A few days back, while I was away at the Federalist Society Faculty Division conference in New Orleans, Orin linked to a study out of Columbia’s “SALT” that reported declines in the percentage of African Americans and Mexican Americans matriculating in American law schools since 1993.
Orin tentatively attributed this decline to law schools becoming increasingly concerned about LSAT and GPA scores because these scores are so important to schools’ U.S. News rankings.
I have two related comments. First, even if we assume that 1993 is the appropriate baseline year (and the study never explains why it is), we see that 9,577 African Americans and 1,434 Mexican Americans applied to law schools in 1992-93, compared to 9,030 and 1,130, respectively, in 2007-08. In other words, there was a total of just over 11,000 African American and Mexican American applicants at the beginning of the study period, compared to just 10,160 fifteen years later. Nevertheless, almost exactly the same number of law students from these two groups matriculated in 2008 as in 1993: 4,060 in 2008, compared to 4,142 in 1993.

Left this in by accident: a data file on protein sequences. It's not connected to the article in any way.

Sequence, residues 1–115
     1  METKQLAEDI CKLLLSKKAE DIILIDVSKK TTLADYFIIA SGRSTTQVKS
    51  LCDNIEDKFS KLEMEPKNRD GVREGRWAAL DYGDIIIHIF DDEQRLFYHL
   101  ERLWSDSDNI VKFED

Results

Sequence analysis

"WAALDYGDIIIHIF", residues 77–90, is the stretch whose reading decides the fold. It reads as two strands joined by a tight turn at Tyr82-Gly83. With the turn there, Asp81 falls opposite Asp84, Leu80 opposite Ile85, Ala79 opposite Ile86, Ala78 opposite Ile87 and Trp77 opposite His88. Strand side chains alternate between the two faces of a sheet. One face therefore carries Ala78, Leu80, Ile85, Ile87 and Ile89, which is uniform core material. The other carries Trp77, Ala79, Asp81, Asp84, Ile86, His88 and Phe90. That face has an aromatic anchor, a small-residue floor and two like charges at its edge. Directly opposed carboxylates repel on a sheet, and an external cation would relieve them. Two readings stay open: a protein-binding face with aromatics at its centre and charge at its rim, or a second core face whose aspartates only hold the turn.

So, even though in 2008 there were almost one thousand fewer applicants, only eighty-two fewer individuals matriculated, meaning that a higher percentage of applicants ultimately matriculated. And this despite the fact that in the interim, public law schools in several states, including, notably, California, Florida, and Michigan, have been legally barred from considering race in admissions.
So, in fact, there is no reason to think based on the statistics provided that law schools have become any less vigorous in their admission of African Americans and Mexican Americans. ([Corrected:] The study claims that members of the two groups who apply to law school are increasingly well-qualified, but oddly enough, while the study notes an increase in GPAs and LSAT scores, it [...]